All children should sit in the back seat, buckled up. “NHTSA recommends all children 12 and under sit in the back seat, but the American Academy of Pediatrics doesn’t have an age cut off. Actually, sitting in the back seat is the safest for every human being,” says Dr. Murray Katcher, chair of the Committee on Injury and Poison Prevention for the American Academy of Pediatrics.
An infant in a rear facing child seat must ride in the back seat if the vehicle has a passenger-side air bag. This is because the seat will be too close to the air bag and it may injure the child if it inflates.
Buckle up correctly. All children under forty pounds are required by all fifty states to use a child safety seat. Those over forty pounds should use a booster seat until they can wear a safety belt comfortably. Don’t let children slip the shoulder part of the lap belt behind them because that is like not wearing a seat belt at all. If the shoulder strap does not fit, use a booster seat.
If a child must ride in the front, move the seat as far back as possible, to be away from the air bag. Make sure the child is buckled up properly.
What to say to your children
Older kids who are used to sitting in front may balk at getting in the back. Many families have kids take turns sitting in front, or even use sitting in front as a reward. How can a parent change this situation?

Janet Dewey, Executive Director of the Air Bag Safety Campaign (and mother of a five-year-old) recomends you say something like, “You need to protect your head in the car just like you do when you wear a helmet to ride a bike. Sitting in the back protects your head in the car.”

You can tell your children that you know they like to sit in the front and that you are not punishing them. Dewey advises you can also say, “I just learned that airbags aren’t safe for kids and that it’s actually safest for kids to sit in the back seat with a seatbelt on — so that’s where you need to sit.”

Dewey adds that you should reduce the size of carpools so no one sits in the front.

The future
The automotive industry and the government are doing everything they can to make air bags safe. Letters are being sent by manufacturers to car owners, warning that children should sit in the back. Air bag warnings are being installed in new cars. The government may allow installation of an on-off switch or a total disconnect of air bags, but this option is very controversial. “There is no doubt that the greatest threat to the health of our children today is not air bags, the greatest threat is children being in a crash while riding unbuckled or incorrectly buckled,” says Dewey.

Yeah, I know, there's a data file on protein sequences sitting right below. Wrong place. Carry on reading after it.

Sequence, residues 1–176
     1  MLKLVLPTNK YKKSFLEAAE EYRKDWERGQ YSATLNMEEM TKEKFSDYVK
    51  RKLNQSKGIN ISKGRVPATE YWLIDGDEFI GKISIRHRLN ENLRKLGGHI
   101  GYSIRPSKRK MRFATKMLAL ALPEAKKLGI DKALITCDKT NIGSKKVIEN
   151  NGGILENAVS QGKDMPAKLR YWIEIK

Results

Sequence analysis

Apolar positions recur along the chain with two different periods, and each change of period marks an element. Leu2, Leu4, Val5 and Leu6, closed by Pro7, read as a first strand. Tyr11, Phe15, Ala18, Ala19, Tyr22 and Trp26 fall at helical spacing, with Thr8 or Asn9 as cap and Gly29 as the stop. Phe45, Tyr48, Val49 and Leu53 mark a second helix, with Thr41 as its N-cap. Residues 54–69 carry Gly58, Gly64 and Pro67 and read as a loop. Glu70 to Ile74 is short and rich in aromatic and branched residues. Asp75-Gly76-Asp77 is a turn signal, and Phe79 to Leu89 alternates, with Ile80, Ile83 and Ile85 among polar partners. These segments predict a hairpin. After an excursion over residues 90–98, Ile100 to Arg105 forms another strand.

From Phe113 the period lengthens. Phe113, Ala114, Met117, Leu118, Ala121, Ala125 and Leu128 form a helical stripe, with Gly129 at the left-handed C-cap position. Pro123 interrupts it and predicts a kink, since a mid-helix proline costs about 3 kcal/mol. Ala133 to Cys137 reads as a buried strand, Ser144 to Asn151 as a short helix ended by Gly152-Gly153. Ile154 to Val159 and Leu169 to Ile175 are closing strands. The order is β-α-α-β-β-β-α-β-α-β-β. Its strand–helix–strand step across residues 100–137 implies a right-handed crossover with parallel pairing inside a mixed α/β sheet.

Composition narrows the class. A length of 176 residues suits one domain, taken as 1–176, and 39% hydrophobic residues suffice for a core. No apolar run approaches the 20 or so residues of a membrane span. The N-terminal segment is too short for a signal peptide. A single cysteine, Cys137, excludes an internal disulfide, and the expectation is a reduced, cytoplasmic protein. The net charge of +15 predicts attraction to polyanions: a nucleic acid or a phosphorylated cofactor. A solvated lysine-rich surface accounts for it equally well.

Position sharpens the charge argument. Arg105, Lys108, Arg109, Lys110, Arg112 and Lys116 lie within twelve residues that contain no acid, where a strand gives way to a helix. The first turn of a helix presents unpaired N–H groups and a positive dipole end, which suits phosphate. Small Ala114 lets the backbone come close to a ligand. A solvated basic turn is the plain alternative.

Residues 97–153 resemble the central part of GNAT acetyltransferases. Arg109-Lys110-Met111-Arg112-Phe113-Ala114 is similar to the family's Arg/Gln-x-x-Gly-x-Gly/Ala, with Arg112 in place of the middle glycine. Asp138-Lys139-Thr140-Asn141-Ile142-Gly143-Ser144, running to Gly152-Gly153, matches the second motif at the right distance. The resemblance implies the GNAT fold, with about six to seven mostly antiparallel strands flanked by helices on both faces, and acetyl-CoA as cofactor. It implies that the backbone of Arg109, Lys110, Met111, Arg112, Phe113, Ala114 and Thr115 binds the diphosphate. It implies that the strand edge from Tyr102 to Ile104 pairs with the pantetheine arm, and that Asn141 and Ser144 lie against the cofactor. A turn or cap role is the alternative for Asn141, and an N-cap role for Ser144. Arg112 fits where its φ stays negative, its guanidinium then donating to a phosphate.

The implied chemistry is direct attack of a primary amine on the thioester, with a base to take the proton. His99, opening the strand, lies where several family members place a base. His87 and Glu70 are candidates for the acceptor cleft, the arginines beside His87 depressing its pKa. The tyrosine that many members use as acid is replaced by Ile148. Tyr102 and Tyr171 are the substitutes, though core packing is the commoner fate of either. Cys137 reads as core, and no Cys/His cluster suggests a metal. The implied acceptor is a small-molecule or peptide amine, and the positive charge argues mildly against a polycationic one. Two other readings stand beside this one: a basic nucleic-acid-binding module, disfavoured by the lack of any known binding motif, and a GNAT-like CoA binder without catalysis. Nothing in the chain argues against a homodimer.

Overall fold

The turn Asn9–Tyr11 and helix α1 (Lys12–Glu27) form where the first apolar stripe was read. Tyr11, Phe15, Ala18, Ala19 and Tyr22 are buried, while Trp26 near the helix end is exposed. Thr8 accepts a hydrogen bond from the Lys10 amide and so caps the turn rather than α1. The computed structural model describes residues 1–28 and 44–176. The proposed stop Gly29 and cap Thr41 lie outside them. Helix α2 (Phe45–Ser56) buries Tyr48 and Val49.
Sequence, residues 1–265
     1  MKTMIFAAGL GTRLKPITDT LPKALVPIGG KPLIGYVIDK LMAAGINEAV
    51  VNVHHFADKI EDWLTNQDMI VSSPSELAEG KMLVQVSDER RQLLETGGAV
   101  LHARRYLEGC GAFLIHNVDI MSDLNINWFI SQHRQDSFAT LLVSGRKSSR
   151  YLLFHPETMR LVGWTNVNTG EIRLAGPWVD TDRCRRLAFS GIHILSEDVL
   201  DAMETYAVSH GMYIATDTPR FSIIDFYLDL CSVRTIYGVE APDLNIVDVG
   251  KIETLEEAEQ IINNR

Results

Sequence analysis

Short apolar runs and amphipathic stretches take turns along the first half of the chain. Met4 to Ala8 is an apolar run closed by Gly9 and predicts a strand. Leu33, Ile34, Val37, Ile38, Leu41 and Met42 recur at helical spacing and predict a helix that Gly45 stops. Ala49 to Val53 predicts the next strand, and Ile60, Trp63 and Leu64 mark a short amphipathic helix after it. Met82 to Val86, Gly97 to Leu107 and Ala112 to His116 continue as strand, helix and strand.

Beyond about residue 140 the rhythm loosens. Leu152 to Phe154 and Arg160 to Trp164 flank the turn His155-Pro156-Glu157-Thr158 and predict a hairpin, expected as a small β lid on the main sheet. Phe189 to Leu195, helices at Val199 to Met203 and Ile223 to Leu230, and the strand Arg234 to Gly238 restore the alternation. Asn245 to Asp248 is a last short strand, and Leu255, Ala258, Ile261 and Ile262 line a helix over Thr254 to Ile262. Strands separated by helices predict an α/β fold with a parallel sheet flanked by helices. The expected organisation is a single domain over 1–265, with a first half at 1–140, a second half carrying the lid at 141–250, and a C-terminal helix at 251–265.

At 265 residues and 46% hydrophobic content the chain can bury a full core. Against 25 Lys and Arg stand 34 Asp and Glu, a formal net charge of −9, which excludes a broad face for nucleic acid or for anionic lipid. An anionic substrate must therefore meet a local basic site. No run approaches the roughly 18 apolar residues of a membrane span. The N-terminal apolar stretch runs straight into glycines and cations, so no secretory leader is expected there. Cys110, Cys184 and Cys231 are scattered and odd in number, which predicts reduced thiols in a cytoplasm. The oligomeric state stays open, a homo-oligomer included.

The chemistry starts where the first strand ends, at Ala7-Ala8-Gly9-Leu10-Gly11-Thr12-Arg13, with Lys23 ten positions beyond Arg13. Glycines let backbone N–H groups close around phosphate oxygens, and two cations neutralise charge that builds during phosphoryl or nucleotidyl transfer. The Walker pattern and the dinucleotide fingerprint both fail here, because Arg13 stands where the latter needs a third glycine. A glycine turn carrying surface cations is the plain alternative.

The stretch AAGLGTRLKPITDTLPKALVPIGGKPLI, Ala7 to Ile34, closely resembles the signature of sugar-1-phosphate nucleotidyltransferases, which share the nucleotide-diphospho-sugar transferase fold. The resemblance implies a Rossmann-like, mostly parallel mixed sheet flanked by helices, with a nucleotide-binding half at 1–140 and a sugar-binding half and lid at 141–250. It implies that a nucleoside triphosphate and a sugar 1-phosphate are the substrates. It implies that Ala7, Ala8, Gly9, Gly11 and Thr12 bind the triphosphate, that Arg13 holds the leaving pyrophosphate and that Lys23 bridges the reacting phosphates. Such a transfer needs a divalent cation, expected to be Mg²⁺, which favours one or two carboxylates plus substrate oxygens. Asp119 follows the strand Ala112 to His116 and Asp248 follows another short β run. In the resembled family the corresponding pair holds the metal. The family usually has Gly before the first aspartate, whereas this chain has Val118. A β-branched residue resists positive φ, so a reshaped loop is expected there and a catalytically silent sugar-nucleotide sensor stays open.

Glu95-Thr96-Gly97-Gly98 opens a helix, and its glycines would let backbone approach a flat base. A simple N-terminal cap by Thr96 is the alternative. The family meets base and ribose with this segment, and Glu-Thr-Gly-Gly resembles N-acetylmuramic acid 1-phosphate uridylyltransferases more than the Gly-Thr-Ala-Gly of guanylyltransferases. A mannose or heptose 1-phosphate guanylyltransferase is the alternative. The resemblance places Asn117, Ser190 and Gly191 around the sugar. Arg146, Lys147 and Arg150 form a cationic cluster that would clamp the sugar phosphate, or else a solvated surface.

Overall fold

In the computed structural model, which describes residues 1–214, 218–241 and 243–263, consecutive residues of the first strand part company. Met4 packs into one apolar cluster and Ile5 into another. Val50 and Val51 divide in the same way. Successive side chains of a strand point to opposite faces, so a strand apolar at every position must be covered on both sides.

New air bags are being designed to be “smarter.” They will be able to tailor their deployment to the size of the occupant and the crash severity. In addition, new air bags will be depowered 20-35 percent, so women and children will be safer. Current air bags are overpowered because they were designed to protect adult males.

Resources
Questions about air bags can be directed to the Auto Safety Hotline at 800-424-9393. For up-to-date information on air bag issues, contact the National Highway Traffic Safety Administration.

Powered by Yahoo! Answers

Your Questions About For Those Drivers Who Were Not Wearing Safety Belts At The Time Of Their Deaths

May 22, 2013
By

Jenny asks…

mistakes made drinking underage??

ok so i have to do a report on underage drinking and i would like to know what your opions are on it.
and if anyone has any good storys about drinking or mixing drugs that would help to.

i am 14.
and i do drink.
i dont do drugs and i have smoked.
my report is on the downside of underage drinking so i am being sort of a hipercrite.

admin answers:

Consequences of Acute Impairment

Acute consequences of underage drinking include unintentional death and injury associated with driving or engaging in other risky tasks after drinking, homicide and violence, suicide attempts, sexual assault, risky sexual behavior, and vandalism and property damage. In addition, these consequences appear to be more severe for those who start drinking at a young age (Reducing Underage Drinking, 59).

Drinking and Driving

* Although alcohol-related youth motor vehicle fatalities have decreased substantially over the past decade or so, youth are still overrepresented in alcohol-related fatal crashes compared with the older population2 (Reducing Underage Drinking, 60).

* While only 7 percent of licensed drivers in 2000 were aged 15 to 20, they represented approximately 13 percent of drivers involved in fatal crashes who had been drinking3 (Reducing Underage Drinking, 60).